Tuesday, November 02, 2010

Teen angst

Mine, not his.

As my longtime readers know, my eldest son turned 13 in August. We have been having the "I want a cell phone" conversation with him for quite some time but, after much debate, discussion, and internet research, we decided to give him his own phone for his birthday. (Let it be noted that we had said NO so many times that he did not even broach the subject and was thus greatly surprised when he received it.)

We have a family cell phone that floats from kid to kid in the event that one of them is at an event where they may have the need to call us, but we decided to give him a phone of his own for a few reasons:

1) After discussing this with parents of older teens, we came to the conclusion that it may be better to give the phone to a 13 year old who (theoretically) is more likely to listen to rules of use for said phone. According to these more experience parents, a 15 or 16-year-old may reject or ignore the rules more readily. We decided to go for the "he's still putty in our hands" theory.

2) His entire peer group at church and many of his school classmates had phones already, and it had become clear to us that he was missing out on a lot of key communication about youth group and stuff simply because his friends couldn't text him. (He also did not have a Facebook page because Facebook's minimum age is 13 and we refused to let him have a page and lie about his age, and the other major form of communication for the peer group happened to be Facebook.)

3) Our extended family lives anywhere from 5 to 9 hours away from us by car, and everyone (aunts, uncles, cousins, grandmas and grandpa) has a cell phone. We have always emphasized that, if he was uncomfortable sharing something with us, he could go to his extended family for help or advice. Making it simple for him to do so as he navigates the rough waters of adolescence seemed like a good thing to do.

So. Once it was decided, we found an appropriate phone and changed our plan to include unlimited texting. Knowing that was the preferred method of communication, we decided to avoid limits on the text numbers and instead focus on the limits of usage we had decided on. We did NOT give him a data plan, either. I used a couple of sites (this was my favorite) and put together a phone use agreement and a Facebook use agreement (inspired by this page) and he woke up with a phone next to him on his birthday.

The agreement? No making or receiving calls or texts after 9 PM. Doing chores as required by us, keeping grades up, no inappropriate images or language, no using it to hurt people, remembering that rumors are just that -unsubstantiated and potentially damaging- and should not be shared or spread around, we have the right to check messages, the usual stuff.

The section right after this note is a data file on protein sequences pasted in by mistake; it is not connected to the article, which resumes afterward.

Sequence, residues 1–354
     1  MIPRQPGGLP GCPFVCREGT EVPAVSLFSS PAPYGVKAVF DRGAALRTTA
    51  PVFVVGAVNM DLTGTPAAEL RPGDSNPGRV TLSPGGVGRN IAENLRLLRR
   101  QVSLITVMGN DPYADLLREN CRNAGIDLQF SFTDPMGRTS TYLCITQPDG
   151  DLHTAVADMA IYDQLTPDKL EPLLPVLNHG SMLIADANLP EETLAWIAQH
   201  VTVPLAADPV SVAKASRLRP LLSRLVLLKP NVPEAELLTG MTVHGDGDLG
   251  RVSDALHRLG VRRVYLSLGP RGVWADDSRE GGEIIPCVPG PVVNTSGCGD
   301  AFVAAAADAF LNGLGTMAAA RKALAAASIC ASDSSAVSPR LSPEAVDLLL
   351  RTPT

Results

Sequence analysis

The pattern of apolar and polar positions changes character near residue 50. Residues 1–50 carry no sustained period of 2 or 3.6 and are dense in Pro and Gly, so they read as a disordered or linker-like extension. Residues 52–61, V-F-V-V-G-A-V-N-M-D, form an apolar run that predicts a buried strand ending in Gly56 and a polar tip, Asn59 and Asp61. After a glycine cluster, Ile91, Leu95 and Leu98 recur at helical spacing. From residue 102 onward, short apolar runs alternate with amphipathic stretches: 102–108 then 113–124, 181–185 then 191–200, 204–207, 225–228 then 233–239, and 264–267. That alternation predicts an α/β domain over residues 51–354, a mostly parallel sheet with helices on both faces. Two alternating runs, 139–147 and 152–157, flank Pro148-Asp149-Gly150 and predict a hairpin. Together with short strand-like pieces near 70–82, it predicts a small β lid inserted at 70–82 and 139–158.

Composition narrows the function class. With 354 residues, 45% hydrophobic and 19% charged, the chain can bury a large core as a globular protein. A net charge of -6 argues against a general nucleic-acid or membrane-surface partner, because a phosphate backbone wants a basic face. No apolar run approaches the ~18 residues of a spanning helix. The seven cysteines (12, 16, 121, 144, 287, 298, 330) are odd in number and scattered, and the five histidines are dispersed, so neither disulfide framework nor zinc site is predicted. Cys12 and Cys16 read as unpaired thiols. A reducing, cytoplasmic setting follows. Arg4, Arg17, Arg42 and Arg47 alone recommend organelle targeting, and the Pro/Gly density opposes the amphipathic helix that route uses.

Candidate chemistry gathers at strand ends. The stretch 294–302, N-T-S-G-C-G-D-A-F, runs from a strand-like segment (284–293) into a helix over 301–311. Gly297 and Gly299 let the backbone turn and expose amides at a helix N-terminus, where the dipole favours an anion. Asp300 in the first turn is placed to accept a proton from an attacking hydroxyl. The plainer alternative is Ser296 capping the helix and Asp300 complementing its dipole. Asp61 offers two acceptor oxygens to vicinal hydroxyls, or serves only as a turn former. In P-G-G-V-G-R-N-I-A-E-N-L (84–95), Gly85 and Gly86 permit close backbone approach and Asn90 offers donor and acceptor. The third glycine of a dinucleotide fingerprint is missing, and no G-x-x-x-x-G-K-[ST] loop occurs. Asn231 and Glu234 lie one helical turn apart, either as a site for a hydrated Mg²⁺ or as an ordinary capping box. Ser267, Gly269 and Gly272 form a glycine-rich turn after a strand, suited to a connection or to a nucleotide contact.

He had the phone for about a month before his grades began slipping. Since this is an issue we have had FOR THE PAST 2 YEARS, we acted swiftly and decisively and took the phone away. Until the end of the quarter. It is still gone. But I can report that the grades are back up and it seems that the lack of immediate communication opportunities with his friends is giving us the hoped-for result.

Do I think our plan is right for everyone? No. I think this is as individual as any parenting decision. It (so far) is working for us and we left the agreements open so that we (or he) can open a discussion for changes and adjustments as he grows and circumstances change.

I am glad that we drew a hard line on the Facebook thing and made him wait until age 13. I am glad we have open lines of communication, and that we essentially put the control on him -- he can make good choices, do well in school, and we will continue to let him have the freedom a phone can give him. And if he chooses to neglect his school work, or to not report inappropriate activity before we discover it ourselves, he understands that, basically, he is choosing the consequences.

I have never been the parent of a 13-year-old before. It IS scary. But it is also exhilarating --he is really coming into his own as a person. His friends are cool, fun, interesting people. He is funny and smart and has witty, wry things to add to a conversation. We are giving him the tools to be a kind, caring, responsible human being, and so far he (mostly) is showing himself to be those things. He is only 13, but he is an amazing, wonderful human being, and I am relishing every step forward and every milestone, even as I wince at the unavoidable mistakes a 13-year-old makes. We are learning, together. And I think it is gonna be ok.


  1. Friends are the most important thing in the world to Jr High age kids. They just are! Not to mention being accepted. Talking on the phone is a huge part of that. I know it is hard for us to get used to since we didn't grow up with cell phones, but it is a new generation with the same social needs :)

  2. I truly wish that there was a handbook on how to raise a teenager. I think your approach will serve you well. The hardest part is being consistent.